EdPlace's Year 4 Home Learning English Lesson: Determiners
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Now...onto the lesson!
Recognise different determiners...
Although your child will certainly use determiners in their everyday speaking and writing, the word itself may be unfamiliar to them. This is often an issue with some of the terminology used in the National Curriculum, but the word ‘determiner’ will be used in exam papers, so it's important for your child to understand exactly what it means.
Don’t let them be put off by the word itself, just follow through the examples given and they’ll soon feel more confident.
1) Understand what a determiner is
2) Apply this understanding by identifying determiners within a sentence
3) Explain the role of determiners
Step 1: Digging into the definitions...
It’s important that your child understands the definitions of the two terms below:
Noun: the name of a person, place or thing.
Determiner: determiners are words placed in front of a noun, adding more detail to the noun itself, for example, ‘the’, two’, ‘an', ‘lots of’ etc.
Step 2 - Building blocks...
Before we can look at determiners, we need to be sure that your child knows what a noun is. A noun is a naming word (they both begin with the letter ‘n’). A noun is the name of a person, place, thing, feeling or idea, for example: Boris Johnson, Egypt, donkey, table, swarm, kindness. Get your child to take a look at the following sentence where all the nouns have been highlighted in orange:
Annie showed such courage in taking the train to London on her own that I gave her a present as a reward.
Step 3 - Off we go...
So what exactly is a determiner then?
As stated above, a determiner is a word or phrase that is used before a noun to show which particular example of the noun we mean. So, rather than just saying ‘dog’, we could say ‘your dog’, ‘this dog’, ‘those dogs’, ‘two dogs’ or ‘a lot of dogs’. All of these are examples of determiners because they determine which dog you are referring to.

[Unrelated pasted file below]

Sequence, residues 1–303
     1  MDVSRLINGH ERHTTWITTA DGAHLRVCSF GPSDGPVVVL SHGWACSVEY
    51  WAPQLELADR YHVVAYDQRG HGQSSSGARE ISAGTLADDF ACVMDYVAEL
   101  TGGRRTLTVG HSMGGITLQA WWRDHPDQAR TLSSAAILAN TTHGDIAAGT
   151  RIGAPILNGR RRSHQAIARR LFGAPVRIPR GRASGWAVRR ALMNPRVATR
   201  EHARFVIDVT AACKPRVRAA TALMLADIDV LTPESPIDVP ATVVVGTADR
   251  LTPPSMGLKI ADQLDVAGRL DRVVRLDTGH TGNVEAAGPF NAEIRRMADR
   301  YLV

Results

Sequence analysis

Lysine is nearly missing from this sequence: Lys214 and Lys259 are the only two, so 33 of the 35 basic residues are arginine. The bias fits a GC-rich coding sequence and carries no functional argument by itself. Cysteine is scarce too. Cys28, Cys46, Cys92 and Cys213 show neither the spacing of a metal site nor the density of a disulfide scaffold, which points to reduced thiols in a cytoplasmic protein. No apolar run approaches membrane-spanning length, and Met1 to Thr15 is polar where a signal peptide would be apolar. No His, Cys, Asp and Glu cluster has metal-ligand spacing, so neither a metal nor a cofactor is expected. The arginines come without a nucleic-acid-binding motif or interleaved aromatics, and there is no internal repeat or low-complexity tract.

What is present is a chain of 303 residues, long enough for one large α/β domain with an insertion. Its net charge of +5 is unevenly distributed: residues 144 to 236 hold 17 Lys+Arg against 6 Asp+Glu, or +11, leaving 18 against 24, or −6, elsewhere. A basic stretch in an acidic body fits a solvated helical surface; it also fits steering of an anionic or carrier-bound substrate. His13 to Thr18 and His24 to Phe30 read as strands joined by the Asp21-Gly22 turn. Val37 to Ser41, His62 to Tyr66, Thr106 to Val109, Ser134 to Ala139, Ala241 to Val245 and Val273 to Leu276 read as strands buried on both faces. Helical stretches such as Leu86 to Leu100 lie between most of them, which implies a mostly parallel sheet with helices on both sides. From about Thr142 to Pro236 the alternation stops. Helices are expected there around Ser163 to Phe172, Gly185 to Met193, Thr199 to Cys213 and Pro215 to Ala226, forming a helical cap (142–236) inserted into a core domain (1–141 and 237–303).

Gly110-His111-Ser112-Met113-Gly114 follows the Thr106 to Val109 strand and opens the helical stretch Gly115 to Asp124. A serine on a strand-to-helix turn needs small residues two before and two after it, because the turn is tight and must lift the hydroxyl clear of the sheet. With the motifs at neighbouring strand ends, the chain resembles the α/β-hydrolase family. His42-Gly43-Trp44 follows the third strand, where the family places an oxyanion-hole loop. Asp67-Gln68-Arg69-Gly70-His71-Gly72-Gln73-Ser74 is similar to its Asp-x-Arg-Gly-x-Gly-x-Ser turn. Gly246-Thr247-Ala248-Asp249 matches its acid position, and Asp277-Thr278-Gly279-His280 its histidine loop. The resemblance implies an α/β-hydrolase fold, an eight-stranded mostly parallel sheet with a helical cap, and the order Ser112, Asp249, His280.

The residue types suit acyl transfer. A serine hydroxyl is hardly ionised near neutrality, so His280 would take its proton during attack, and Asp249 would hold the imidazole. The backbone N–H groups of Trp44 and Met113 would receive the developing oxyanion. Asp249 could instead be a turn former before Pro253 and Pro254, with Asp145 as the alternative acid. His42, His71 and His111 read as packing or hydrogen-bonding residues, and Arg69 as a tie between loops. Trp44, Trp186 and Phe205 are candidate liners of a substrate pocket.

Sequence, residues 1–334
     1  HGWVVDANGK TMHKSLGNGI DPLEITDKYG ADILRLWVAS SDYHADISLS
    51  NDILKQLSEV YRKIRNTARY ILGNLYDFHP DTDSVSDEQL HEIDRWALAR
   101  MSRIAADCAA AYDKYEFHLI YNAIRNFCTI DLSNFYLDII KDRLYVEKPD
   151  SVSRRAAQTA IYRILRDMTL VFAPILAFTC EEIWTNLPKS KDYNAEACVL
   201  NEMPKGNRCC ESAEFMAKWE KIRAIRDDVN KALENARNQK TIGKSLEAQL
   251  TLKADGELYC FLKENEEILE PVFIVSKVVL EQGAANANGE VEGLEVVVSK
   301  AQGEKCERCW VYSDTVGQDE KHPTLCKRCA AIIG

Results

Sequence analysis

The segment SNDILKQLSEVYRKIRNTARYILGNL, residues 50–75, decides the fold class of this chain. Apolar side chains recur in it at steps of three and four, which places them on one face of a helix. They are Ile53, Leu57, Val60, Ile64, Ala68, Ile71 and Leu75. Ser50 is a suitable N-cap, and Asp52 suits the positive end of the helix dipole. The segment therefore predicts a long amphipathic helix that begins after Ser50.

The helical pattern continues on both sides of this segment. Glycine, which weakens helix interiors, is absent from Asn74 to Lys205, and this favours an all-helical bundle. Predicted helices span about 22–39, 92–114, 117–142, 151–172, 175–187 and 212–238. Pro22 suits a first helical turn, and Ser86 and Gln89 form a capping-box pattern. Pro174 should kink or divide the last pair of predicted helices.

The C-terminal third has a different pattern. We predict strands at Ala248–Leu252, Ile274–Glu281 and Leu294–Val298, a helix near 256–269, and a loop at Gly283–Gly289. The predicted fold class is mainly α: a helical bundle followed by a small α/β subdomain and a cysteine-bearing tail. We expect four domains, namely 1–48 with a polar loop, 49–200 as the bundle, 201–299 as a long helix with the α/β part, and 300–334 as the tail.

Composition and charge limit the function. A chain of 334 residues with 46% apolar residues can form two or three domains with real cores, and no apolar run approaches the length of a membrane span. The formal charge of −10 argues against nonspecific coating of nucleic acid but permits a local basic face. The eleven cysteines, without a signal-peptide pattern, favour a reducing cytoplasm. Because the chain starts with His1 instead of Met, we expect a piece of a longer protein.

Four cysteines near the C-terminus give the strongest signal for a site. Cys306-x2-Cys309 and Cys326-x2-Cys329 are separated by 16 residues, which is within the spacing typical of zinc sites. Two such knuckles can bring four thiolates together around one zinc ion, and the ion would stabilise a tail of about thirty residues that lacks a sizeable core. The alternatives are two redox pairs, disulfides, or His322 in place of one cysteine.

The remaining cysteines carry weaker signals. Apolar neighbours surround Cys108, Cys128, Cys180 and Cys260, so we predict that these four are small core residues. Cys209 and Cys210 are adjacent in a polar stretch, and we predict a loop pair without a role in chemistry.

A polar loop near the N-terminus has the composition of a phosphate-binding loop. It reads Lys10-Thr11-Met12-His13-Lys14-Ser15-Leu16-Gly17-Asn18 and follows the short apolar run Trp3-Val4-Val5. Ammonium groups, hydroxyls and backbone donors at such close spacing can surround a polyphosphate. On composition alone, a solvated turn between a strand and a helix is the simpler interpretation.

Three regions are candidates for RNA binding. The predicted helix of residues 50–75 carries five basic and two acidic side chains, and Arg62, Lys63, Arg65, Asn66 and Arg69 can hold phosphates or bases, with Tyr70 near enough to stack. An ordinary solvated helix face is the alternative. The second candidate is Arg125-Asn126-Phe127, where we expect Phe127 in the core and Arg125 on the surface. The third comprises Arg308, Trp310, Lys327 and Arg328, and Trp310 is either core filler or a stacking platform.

There are many (that’s a determiner, in case you didn’t spot it!) types of determiners, but there are four main types that your child will need to know in Year 4.
The four main types are:
Don’t let your child be overwhelmed by those complicated names, they’re really quite easy.
Articles – a, an, the
These three words are the most commonly used determiners, so it’s important to understand when to use each one. The words ‘a’ and ‘an’ are indefinite articles and are used before a general noun such as ‘a book’ or ‘an apple’, when no particular book or apple have been identified. ‘An’ is used rather than ‘a’ if the word following it starts with a short vowel sound, such as at the start of ‘apple’, ‘elephant’, ‘ink’, ‘orange’, ‘umbrella’ or ‘hour’.
‘The’ is a definite article and is used before a specific noun such as ‘the’ book that I’m reading now, or ‘the’ apple that has rolled under the table.
Demonstratives – this, that, those, these
The easiest way for your child to remember this is to imagine that they are demonstrating or showing something by pointing at it. They might then use the words ‘this’ or ‘that’ if pointing to a single item, for example, ‘this hamster’ or ‘that cake’. They would use the words ‘these’ or ‘those’ if pointing to more than one of something, such as ‘these piglets’ or ‘those teachers’.
Possessives – my, your, his, her, its, our, their
These are used to show possession, in other words, who owns the noun being mentioned. So we might say ‘my phone’, ‘his voice’ or ‘their house’.
Quantifiers – numbers, a few, a little, much, many, a lot of, most, some, any, enough
These tell us something about the quantity (surprise, surprise!) of the noun. They might tell us the exact number or just whether there is a lot or a little of it. For example, how much pizza have you eaten? Is it ‘a little pizza’, ‘a lot of pizza’, ‘some pizza’, ‘enough pizza’ or even ‘three pizzas’?
Step 4 - Now it's your turn!
So, now you’ve looked at these examples together, how about getting your child to have a go at recognising the determiners in the following sentences?
1) Our dog didn’t believe that he had eaten enough biscuits.
2) It is many months since I last saw my grandchildren.
3) I would like an ice cream, but I would really prefer that cream cake on the table.
4) Ten chocolates later, he realised that he had a tummy ache.
5) They don’t have much money but they still have lots of fun.
Step 5 - Show what you know!
One of the best ways for your child to practise those determiner skills is to play hunt the determiner when they are reading. See if they can identify at least five different determiners each time they settle down to read.
Here are some activities which will help to consolidate their learning. We recommend doing them in this order so that the learning builds progressively.
All activities are created by teachers and automatically marked. Plus, with an EdPlace subscription, we can automatically progress your child at a level that's right for them. Sending you progress reports along the way so you can track and measure progress, together - brilliant!
1. Our, enough
2. many, my
3. an, that, the
4. Ten, a
5. much, lots of
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